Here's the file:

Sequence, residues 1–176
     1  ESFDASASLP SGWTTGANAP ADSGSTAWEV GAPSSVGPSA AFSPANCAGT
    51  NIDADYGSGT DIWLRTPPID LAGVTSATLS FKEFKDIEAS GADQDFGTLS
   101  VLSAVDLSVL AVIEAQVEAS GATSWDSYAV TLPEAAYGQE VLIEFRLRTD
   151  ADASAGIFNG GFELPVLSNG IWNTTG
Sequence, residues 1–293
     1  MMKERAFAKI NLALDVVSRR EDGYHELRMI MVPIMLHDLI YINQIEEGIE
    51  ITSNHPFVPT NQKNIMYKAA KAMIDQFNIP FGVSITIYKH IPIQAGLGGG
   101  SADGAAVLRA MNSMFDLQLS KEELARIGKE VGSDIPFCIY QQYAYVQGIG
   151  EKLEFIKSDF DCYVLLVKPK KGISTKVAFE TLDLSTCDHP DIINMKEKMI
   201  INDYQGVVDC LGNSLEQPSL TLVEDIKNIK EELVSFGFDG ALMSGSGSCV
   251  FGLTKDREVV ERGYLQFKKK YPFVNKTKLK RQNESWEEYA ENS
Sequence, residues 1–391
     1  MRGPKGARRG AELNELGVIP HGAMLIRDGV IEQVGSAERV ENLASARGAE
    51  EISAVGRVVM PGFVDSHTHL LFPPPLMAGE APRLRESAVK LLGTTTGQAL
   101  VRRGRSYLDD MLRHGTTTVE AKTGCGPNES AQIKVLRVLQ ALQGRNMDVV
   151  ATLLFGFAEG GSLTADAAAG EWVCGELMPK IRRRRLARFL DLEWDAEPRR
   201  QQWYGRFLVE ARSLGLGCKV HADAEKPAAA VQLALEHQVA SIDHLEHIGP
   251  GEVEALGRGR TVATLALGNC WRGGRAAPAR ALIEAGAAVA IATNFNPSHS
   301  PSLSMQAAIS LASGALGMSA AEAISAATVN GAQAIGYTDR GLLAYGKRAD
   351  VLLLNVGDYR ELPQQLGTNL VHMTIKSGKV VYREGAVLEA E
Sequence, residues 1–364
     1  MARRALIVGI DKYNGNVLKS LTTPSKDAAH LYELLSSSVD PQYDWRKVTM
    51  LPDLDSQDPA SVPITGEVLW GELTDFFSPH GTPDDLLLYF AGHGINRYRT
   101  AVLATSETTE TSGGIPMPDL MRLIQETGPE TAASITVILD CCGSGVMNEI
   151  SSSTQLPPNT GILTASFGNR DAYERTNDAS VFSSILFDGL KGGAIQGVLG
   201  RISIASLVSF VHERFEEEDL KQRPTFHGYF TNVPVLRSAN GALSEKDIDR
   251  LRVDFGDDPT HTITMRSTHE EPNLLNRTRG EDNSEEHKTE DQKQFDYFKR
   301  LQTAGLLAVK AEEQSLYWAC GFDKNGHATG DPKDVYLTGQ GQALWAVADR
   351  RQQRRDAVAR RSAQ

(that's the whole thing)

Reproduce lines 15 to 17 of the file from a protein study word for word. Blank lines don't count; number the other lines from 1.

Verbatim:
    51  EISAVGRVVM PGFVDSHTHL LFPPPLMAGE APRLRESAVK LLGTTTGQAL
   101  VRRGRSYLDD MLRHGTTTVE AKTGCGPNES AQIKVLRVLQ ALQGRNMDVV
   151  ATLLFGFAEG GSLTADAAAG EWVCGELMPK IRRRRLARFL DLEWDAEPRR